For a look at which products will be hit by the next round of tariffs, see reports in the CNBC and Wall Street Journal

—Lucas Niewenhuis

4. Costco store opening creates frenzy in Shanghai 

The U.S.-China trade war might be worsening at an alarming rate, but that has not deterred Chinese customers from going crazy over American retail giant Costco. 

The chain’s first store in China opened in Shanghai on August 27, to enormous crowds of consumers lining up to get in. There were three-hour waiting times just to get into the parking lot. Before long, the store was forced to shut down over safety concerns.

The American bulk-selling supermarket chain uses the same membership model it does in other countries — the annual fee for membership is 299 yuan ($42).

For details and photos of the Costco frenzy, please click through to SupChina.

—Jiayun Feng

5. Former Hong Kong chief executive offers bounty for protesters

“A website has been launched promising cash rewards for anyone who provides information on ‘wanted’ anti-government protesters. The rewards range from HK$200,000 to HK$1 million for information on key protesters,” reports the Hong Kong Free Press

The man behind the website is Leung Chun-ying (梁振英 Liáng Zhènyīng), who, per Bloomberg (porous paywall), “governed the former British colony between 2012 and 2017 and was in power during earlier pro-democracy protests in 2014.”

[Leung] posted a link on his personal Facebook page that promised a crowd-funded bounty and anonymity to potential tipsters.

The website, 803.hk, is named after an Aug. 3 incident in which a demonstrator flung the Chinese flag into the water of Hong Kong’s harbor. 

In other news from the troubled Pearl of the Orient (one of them): 

Hong Kong’s chief executive met with “moderate young protesters” on Monday, says the South China Morning Post:

Most of the young people who on Monday spoke with Chief Executive Carrie Lam Cheng Yuet-ngor [林鄭月娥 Lín Zhèng Yuè’é] in a landmark dialogue session had taken part in anti-government marches, organisers of the meeting have told the Post.

Government officials stuck to its plan to meet first with moderate young protesters before reaching out to more vocal and radical activists, a source familiar with plans to start a citywide dialogue platform said on Tuesday.

Beijing is using the “Fujian Hometown Association, which represents immigrants to Hong Kong from Fujian,” and other civic groups that are closely tied to the Party, to press its agenda in Hong Kong, according to a New York Times article titled From the shadows, China’s Communist Party mobilizes against Hong Kong protests (porous paywall). 

“Hong Kong students abroad have described an atmosphere of fear, intimidation and vitriol in dealing with ultra-nationalistic mainland Chinese since the city’s anti-government protests broke out,” according to the South China Morning Post

“Hong Kong has been added to YouTube’s list of regions where information panels are included on news channels that receive government funding,” reports the South China Morning Post:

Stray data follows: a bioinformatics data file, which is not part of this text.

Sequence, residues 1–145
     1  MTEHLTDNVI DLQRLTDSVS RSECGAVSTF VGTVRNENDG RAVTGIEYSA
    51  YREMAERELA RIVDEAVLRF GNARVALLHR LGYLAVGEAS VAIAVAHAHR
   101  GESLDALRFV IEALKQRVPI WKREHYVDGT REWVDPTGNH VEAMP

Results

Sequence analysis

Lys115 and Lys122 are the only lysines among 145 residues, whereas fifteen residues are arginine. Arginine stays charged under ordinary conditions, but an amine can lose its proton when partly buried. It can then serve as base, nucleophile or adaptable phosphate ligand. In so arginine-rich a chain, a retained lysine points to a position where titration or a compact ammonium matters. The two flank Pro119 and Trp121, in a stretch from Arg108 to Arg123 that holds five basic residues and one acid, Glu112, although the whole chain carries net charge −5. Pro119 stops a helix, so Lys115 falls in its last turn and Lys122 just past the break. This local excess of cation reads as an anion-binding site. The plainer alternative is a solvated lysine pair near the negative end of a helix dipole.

Videos on YouTube from Chinese state media outlets now appear in Hong Kong with an information panel that says they are “funded in whole or in part by the Chinese government”.The label was applied to content from state broadcaster CCTV and its English-language arm CGTN, as well as clips posted by state-run tabloid Global Times, state newspaper China Daily, and state news agency Xinhua.

“Beijing on Tuesday voiced “strong dissatisfaction” with a joint statement issued by the G7 leaders, who backed Hong Kong’s autonomy and called for calm after months of civil unrest,” reports the Hong Kong Free Press.  

6. TikTok’s American users don’t know it’s Chinese

“The social media app TikTok has been downloaded more than 80 million times in the United States,” according to China Books Review, which conducted a survey of 200 Americans to see how many of them knew TikTok was owned by a Chinese company. 

Only 24 percent of respondents correctly answered that the app’s owners were based in China, worse than had the respondents answered at random. 

33 percent of respondents said they would be somewhat or significantly less likely to use the app if they knew the app was made by a Chinese company, compared to 21 percent if they knew it was by an American company, just within the margin of error.

7. Austrian United Front in Beijing

ChinaFile reports (most links in Chinese):

The Austria-China Peaceful Reunification Promotion Association registered a representative office in China on May 29, 2019. 

This is particularly noteworthy not only because it is the first Austrian group to register an office under the auspices of the Foreign NGO Law, but also because it is affiliated with the Chinese Communist Party’s (C.C.P.’s) United Front Work Department. The United Front is the C.C.P. agency responsible for managing relationships with elite Chinese individuals and organizations inside and outside of China.

According to information on the Ministry of Public Security (MPS) website, the Association’s office in China works to “unite Chinese in Austria with Austrians friendly to China and promote the peaceful reunification of the motherland.” 

Why would the foreign branch of a Chinese Communist Party organization register as a foreign NGO in China? Two possible reasons: